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{TOP 7} Best LPVO Scope Reviews (2023 Updated)

What’s the big deal with LPVO scopes? Which is the best LPVO scope? Why are they dominating the optical market with more instructors, law enforcement, and military forces using them? I’ll tell you the answer with one word: adaptability. 

Best LPVO Scope Reviews

An LPVO or a Low power variable optic is a type of scope that does not provide much magnification because it is meant to provide a small magnification range for close and mid-range shooting. The majority of low-power variable optics have a range from 1x – 6x. Others can go as far as 8x, but anything less than 3x-9x is typically considered an LPVO.

These are frequently compared to higher-powered scopes, although it’s more appropriate to compare these scopes with red dots because they’re utilized in similar ways. Though some shooters and hunters are beginning to utilize them for long-distance hunting and shooting, they are most needed when you have to reach a target quickly and obtain precise shots at close or mid-range.

Our top picks for the best LPVO scope;

What is an LPVO?

The term LPVO is frequently used without any clarification as to what exactly classifies a scope as low-powered. To give a definition, we’d say  it is an optic with a limited overall magnification range, beginning with 1x magnification 

and extending to roughly 6x or 8x magnification on the other end.

These riflescopes are used on AR-15 rifles and other carbines to provide the user with accurate close-range shooting capabilities as you’ll get in a red dot, as well as the ability to increase magnification to quickly reach targets roughly 200+ yards away with a rapidly adjustable lever.

As a result, they are perfect for hunting, 3-Gun competition, and even self-defense.

With that in mind, let us take a look at some reasons why you should use a good LPVO scope and then some features to consider while choosing a scope. 

Why Should I Use LPVOs?

The greatest solution or best optical replacement for a red dot is an LPVO. This is because you will still get all the benefits that you used to get from red dots, and this time, you have an added benefit which is magnification. This invariably means you’d get the best of both worlds.

These optics unleash your rifle’s full capability. You will see the benefits more clearly after you’ve had a firsthand experience. 

Why did the majority of the 3 gun competitive shooters equip their firearms with them? The answer is simple; it is because they operate amazingly well and the technology is improving.

LPVOs have come to stay, and they are the way to go. Red dot sights have their own place, so if what you have is an AR-15 for “do everything purpose,” I strongly advise that you mount an LPVO on it. 

As they bridge the gap between high-powered riflescopes and red dots, LPVOs are regarded as the do-it-all optic. A red dot is a non magnified optic that excels in close quarters and delivers fast target acquisition, but a high-power magnified optic excels at long-range scenarios. Many LPVOs are quite versatile; you can easily clear and knock out danger from 200 yards.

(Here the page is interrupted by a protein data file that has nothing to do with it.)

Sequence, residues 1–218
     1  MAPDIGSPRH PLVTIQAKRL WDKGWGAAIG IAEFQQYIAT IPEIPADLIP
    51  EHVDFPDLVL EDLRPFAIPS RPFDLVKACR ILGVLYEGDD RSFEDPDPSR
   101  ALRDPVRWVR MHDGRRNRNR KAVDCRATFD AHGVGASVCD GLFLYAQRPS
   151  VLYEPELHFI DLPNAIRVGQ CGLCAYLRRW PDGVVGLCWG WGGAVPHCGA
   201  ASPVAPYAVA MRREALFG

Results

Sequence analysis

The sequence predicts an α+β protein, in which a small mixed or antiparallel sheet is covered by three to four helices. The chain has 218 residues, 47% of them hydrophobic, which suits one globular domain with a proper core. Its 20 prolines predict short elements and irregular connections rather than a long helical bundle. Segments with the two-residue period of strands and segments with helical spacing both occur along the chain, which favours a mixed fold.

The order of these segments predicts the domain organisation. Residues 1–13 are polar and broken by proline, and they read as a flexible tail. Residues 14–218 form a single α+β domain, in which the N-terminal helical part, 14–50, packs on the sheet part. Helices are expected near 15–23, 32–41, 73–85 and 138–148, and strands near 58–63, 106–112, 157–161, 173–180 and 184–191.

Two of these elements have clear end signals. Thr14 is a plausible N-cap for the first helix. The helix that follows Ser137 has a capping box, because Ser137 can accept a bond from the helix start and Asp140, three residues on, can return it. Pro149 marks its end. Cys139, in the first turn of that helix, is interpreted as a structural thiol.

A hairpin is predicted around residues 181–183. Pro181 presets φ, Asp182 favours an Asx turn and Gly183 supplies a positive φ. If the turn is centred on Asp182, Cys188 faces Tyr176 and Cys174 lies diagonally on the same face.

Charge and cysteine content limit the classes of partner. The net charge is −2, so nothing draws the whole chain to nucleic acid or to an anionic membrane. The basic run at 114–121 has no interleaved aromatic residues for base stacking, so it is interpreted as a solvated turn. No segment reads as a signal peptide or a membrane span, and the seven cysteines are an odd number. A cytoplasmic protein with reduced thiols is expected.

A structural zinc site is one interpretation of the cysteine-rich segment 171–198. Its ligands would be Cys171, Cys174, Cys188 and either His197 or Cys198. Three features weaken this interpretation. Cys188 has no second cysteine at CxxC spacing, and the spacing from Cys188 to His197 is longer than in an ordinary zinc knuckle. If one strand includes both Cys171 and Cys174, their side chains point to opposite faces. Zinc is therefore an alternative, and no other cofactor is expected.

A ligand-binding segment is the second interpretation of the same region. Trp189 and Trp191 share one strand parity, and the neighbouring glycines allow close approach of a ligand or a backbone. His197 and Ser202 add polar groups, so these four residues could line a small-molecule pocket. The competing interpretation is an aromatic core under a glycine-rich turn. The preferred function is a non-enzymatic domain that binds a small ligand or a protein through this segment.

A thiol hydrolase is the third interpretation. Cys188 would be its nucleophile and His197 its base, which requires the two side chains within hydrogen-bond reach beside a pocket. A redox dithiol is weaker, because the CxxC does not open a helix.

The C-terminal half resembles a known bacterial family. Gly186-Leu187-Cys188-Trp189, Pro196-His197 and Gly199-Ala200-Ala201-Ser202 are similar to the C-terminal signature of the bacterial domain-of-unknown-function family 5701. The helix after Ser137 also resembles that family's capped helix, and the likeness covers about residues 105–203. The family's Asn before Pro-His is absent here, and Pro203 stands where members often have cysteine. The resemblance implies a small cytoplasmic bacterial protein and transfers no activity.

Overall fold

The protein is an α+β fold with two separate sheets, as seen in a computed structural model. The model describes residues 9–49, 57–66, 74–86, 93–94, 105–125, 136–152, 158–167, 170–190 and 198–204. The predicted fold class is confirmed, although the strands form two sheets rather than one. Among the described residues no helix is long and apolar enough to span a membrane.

Types of LPVOs

Our type classification is based on the type of focal plane of the reticle 

1. First focal plane

First focal plane scopes have the reticle directly in front of the erector. This causes the reticle to expand and shrink as you increase or decrease magnification. Nothing actually expands or shrinks; it is the magnification change that just gives the illusion that it does.

Modern LPVO reticles sometimes include indicators for windage and bullet drop, as well as rangefinders. These markers are commonly measured in MILs or MOA. The advantage of using an FFP reticle is that the measurements remain constant regardless of magnification, making them accurate at any magnification.

2. Second focal plane 

The reticle in second focal plane scopes is located behind the erector. As a result, the reticle remains the same size across the magnification range. Because the reticle remains constant as magnification changes, measurements in MIL or MOA are frequently only accurate at a single magnification. This is usually the highest magnification setting. This can restrict your possibilities with high-powered magnified scopes. 

You will need an FFP reticle for scopes with a 1x-8X or 1x-10X, and sometimes a 1-6X scope might need an FFP reticle, but this is dependent on the design of the reticle. If you utilize a 1x-4X or a 1x-5X scope, an SFP reticle would most likely be enough.

>>> Read more about FFP and SFP

The most significant features in the best LPVO scope

In several aspects, LPVO scopes differ from other sights; it, therefore, means that the main qualities that make the best LPVO scope may not be useful on a typical variable scope. As a result, it’s critical to understand a few crucial characteristics of an LPVO.

1. Eye Box

In any sight, eye box is usually the area behind the sight where the shooter can see the scope’s full image. The larger the eye box of the scope, the faster the shooter will be able to effectively get the scope and find the target. LPVOs that come with a large eye box makes it easier for you to see your target at low magnification with little or no scope shadow.

Another measurement that we have and can say is close to the eye box of a scope is the exit pupil. A bigger exit pupil means that you would have more space. However, the exit pupil does not provide the complete picture. Different optics can have the same exit pupil, but one could obviously have a bigger eye box.

2. Reticle Design 

LPVOs put scope manufacturers to the test by requiring them to create reticles that perform at close range and mid to long ranges. This frequently leads to an intriguing combination of features.